by Staff Writers
Paris, France (ESA) Feb 04, 2009
COROT has found the smallest terrestrial planet ever detected outside the Solar System. The amazing planet is less than twice the size of Earth and orbits a Sun-like star. Its temperature is so high that it is possibly covered in lava or water vapour.
About 330 exoplanets have been discovered so far, most of which are gas giants with characteristics similar to Jupiter and Neptune.
The new find, COROT-Exo-7b, is different: its diameter is less than twice that of Earth and it orbits its star once every 20 hours. It is located very close to its parent star, and has a high temperature, between 1000 and 1500 degrees C.
Astronomers detected the new planet as it transited its parent star, dimming the light from the star as it passed in front of it.
The density of the planet is still under investigation: it may be rocky like Earth and covered in liquid lava. It may also belong to a class of planets that are thought to be made up of water and rock in almost equal amounts. Given the high temperatures measured, the planet would be a very hot and humid place.
"Finding such a small planet was not a complete surprise", said Daniel Rouan, researcher at the Observatoire de Paris Lesia, who coordinates the project with Alain Leger, from Institut d'Astrophysique Spatiale (Paris, France). "COROT-Exo-7b belongs to a class of objects whose existence had been predicted for some time. COROT was designed precisely in the hope of discovering some of these objects," he added.
Very few exoplanets found so far have a mass comparable to Earth's and the other terrestrial planets: Venus, Mars, and Mercury. This is because terrestrial planets are extremely difficult to detect.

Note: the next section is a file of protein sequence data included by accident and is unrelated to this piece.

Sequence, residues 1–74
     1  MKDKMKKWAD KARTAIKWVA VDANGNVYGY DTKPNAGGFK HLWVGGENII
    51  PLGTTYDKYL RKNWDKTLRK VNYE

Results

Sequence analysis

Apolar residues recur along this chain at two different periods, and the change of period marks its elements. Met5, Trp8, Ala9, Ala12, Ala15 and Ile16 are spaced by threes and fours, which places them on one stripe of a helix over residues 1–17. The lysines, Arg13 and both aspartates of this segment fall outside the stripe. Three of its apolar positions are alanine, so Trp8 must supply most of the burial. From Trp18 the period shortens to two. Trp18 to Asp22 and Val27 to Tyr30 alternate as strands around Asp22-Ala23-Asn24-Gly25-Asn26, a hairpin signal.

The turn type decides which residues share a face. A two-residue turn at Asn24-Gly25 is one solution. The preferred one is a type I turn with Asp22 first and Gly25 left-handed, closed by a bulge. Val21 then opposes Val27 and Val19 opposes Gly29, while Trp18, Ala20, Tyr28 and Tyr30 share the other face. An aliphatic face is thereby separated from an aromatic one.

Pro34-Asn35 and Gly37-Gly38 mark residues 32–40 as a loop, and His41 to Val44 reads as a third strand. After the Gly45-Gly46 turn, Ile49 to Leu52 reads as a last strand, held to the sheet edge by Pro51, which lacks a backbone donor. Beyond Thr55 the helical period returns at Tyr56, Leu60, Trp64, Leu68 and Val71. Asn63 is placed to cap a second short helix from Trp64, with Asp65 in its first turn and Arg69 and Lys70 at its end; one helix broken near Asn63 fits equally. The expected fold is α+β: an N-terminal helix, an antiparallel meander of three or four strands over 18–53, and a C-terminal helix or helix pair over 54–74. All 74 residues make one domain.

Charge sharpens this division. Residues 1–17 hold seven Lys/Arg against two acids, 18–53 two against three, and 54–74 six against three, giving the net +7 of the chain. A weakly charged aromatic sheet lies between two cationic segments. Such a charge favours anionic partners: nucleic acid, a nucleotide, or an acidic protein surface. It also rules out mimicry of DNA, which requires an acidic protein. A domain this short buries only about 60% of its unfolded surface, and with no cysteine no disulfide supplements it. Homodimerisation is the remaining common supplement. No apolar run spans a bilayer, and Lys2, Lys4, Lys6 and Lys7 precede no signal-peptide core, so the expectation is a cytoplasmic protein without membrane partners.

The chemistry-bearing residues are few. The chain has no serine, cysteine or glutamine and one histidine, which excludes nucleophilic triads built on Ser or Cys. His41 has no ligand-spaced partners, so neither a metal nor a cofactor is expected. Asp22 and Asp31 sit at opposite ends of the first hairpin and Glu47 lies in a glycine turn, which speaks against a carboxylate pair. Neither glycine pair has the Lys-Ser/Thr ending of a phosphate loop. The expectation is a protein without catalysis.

Most of the methods used so far are indirect and sensitive to the mass of the planet, while COROT can directly measure the size of its surface, which is an advantage. In addition, its location in space allows for longer periods of uninterrupted observation than from ground.
This discovery is significant because recent measurements have indicated the existence of planets of small masses but their size remained undetermined until now.
The internal structure of COROT-exo-7b particularly puzzles scientists; they are unsure whether it is an 'ocean planet', a kind of planet whose existence has never been proved so far. In theory, such planets would initially be covered partially in ice and they would later drift towards their star, with the ice melting to cover it in liquid.
"This discovery is a very important step on the road to understanding the formation and evolution of our planet," said Malcolm Fridlund, ESA's COROT Project Scientist.
"For the first time, we have unambiguously detected a planet that is 'rocky' in the same sense as our own Earth. We now have to understand this object further to put it into context, and continue our search for smaller, more Earth-like objects with COROT," he added.
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